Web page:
It's a position that comes with a $36,000 pay bump and an apartment at Queen's Park, but you'd never know it by the way Ted Arnott resisted after he was elected the new Speaker of Ontario's Legislative Assembly.
Arnott, the Progressive Conservative MPP for Wellington-Halton Hills who was first elected in 1990, was chosen by his colleagues Wednesday on the first ballot.
A former assistant Speaker in the last Parliament, Arnott bested fellow Tories Rick Nicholls, Randy Hillier, and Jane McKenna.
And even though he wanted the job, Arnott had to be ceremoniously dragged to his new seat, just like other Speakers who have come before him across the country. Still, he had a big smile across his face.
The fun bit of theatre is a nod to the very real danger the role used to represent when it became part of the British parliamentary system in 1377.
Back then, the Speaker was appointed by the monarch and tasked with telling the king or queen what was going on in Parliament. If the Speaker brought back unpleasant news, such as a refusal to raise taxes on behalf of the king or queen, they could be put to death.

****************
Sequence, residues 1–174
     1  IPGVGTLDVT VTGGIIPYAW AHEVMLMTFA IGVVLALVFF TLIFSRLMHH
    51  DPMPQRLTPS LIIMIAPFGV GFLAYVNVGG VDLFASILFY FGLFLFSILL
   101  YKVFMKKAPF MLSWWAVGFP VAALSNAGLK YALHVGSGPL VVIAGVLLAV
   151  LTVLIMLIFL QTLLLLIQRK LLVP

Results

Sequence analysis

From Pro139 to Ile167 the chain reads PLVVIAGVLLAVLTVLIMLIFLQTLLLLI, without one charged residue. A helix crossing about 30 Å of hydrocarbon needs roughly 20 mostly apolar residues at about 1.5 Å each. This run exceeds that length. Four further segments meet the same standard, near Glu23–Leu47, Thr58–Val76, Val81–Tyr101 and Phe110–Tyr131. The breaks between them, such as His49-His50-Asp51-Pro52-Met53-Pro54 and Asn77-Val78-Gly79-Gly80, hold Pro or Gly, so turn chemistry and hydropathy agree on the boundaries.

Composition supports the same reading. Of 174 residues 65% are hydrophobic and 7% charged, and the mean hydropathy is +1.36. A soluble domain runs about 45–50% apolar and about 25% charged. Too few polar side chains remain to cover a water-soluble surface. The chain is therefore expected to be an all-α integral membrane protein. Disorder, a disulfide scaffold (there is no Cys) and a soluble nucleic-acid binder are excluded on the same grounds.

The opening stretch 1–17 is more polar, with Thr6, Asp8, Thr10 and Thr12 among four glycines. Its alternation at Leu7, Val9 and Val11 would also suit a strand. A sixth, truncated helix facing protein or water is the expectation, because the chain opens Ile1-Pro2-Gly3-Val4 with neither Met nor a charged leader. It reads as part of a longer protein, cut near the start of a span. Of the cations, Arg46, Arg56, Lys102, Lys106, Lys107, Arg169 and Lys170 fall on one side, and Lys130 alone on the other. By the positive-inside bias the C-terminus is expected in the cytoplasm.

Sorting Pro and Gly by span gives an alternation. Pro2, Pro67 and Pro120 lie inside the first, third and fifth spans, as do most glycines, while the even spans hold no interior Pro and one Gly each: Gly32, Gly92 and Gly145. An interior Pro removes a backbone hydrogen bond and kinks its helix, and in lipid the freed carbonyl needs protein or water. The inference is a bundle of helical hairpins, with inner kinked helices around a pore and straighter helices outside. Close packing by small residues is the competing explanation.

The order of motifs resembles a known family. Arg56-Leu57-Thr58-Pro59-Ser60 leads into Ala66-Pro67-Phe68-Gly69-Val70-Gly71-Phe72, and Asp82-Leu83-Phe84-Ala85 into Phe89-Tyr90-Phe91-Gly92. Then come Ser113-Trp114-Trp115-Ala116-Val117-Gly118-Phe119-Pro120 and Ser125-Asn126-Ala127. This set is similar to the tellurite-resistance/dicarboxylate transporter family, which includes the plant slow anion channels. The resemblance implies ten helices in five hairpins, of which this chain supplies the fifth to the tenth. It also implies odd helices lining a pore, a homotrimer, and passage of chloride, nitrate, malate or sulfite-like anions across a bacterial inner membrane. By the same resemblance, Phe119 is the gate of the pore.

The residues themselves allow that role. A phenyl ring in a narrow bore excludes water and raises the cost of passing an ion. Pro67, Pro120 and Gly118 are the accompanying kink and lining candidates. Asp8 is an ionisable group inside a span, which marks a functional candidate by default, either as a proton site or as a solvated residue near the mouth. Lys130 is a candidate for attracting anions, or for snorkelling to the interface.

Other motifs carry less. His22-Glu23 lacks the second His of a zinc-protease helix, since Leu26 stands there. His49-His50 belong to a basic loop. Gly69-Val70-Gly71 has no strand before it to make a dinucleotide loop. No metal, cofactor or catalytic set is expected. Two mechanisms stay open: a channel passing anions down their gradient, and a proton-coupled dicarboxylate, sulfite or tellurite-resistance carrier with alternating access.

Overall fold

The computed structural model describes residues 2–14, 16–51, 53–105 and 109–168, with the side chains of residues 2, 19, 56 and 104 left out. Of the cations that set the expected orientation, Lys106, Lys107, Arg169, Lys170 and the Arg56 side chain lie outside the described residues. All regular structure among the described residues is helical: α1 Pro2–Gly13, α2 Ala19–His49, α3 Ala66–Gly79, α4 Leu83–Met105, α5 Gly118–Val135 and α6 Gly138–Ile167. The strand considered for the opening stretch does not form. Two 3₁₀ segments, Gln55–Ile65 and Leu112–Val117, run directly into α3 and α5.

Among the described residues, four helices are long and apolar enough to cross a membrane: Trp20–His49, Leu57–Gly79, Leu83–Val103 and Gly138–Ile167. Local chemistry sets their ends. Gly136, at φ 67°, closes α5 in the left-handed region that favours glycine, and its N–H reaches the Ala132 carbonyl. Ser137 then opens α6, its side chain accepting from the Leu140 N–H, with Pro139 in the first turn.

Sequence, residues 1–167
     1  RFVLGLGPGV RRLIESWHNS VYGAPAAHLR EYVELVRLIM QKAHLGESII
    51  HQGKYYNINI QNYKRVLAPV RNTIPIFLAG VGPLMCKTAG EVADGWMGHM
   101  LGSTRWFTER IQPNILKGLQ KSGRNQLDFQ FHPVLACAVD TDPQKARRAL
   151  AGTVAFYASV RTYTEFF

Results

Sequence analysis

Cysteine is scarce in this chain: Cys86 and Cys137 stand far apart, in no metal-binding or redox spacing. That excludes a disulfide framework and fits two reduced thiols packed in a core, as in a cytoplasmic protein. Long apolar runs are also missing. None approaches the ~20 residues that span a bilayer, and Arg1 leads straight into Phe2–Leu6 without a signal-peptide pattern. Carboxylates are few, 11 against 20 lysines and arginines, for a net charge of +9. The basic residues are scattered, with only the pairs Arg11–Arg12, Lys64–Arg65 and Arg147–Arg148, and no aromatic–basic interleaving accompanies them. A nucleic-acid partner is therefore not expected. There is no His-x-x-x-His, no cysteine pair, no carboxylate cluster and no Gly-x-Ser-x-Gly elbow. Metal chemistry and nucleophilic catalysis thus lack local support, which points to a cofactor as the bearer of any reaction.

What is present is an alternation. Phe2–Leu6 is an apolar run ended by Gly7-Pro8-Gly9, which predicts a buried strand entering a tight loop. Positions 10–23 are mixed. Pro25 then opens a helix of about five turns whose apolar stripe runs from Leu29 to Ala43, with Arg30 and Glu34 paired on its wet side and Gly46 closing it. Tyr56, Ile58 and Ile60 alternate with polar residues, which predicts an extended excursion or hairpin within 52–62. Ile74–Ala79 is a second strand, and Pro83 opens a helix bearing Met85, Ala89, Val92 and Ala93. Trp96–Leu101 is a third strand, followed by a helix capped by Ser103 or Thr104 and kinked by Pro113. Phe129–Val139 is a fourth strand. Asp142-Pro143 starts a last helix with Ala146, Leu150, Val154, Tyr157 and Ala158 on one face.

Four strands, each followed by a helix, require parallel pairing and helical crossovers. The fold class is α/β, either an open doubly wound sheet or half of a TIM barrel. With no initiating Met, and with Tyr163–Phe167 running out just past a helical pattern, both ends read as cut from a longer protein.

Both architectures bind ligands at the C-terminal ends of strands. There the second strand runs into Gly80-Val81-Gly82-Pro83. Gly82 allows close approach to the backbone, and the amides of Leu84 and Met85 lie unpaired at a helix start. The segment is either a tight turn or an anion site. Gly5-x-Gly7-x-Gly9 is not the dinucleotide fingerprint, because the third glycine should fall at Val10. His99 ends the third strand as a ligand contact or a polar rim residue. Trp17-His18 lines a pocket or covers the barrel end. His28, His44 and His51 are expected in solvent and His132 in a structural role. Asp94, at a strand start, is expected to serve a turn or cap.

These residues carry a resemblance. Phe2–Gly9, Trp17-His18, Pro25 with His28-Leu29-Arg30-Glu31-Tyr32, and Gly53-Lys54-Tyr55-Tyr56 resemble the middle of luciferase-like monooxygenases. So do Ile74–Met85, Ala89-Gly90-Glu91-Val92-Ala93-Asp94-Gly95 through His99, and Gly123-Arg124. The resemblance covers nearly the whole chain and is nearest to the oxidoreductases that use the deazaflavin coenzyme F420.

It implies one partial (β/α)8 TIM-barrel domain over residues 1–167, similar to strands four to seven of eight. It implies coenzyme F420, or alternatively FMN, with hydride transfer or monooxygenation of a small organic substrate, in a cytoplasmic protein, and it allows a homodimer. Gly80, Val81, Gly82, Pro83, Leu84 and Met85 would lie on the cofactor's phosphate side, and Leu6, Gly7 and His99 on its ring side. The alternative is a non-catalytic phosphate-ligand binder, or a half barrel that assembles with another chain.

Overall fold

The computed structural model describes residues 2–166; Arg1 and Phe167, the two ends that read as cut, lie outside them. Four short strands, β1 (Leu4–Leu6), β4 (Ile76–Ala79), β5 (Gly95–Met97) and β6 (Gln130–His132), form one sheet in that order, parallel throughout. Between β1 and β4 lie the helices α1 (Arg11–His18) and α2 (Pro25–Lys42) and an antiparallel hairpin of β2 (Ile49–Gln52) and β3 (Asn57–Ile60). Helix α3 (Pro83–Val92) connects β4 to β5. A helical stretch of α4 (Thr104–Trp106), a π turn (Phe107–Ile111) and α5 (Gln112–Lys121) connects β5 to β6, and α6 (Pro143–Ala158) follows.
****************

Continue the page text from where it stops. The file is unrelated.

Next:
According to UK Parliament, seven Speakers were executed by beheading between 1394 and 1535.
And that's why those chosen for the job, which basically amounts to serving as a referee in the legislature, typically pretend to be resisting the call to serve.
In 2015, veteran Liberal MP Geoff Regan turned things up a notch by appearing to be terrified to assume the role of Speaker of the House of Commons. That position comes with, among other things, a pay raise of $84,000 on top of the base MP salary of $175,600 and an official residence in the Gatineau Hills.
Andrew Scheer, now the leader of the federal Conservatives, was bit more reserved after he was elected House Speaker in 2011.
Arnott received a standing ovation Wednesday as accepted his new position. He joked it was likely the last one he'd receive as "servant of the House."
As Speaker, he'll now earn $152,914 per year, while the average MPP takes home $116,550. He'll also get to use an apartment on the third floor of the legislature.
Arnott told reporters later that he hoped to maintain a standard of decorum and enhance the reputation of all who serve at Queen's Park.
"I think the public expects that and I think the public deserves it," he said.
The election of the Speaker begins a rare summer sitting at the Ontario legislature that is expected to last at least two weeks.
With files from The Canadian Press
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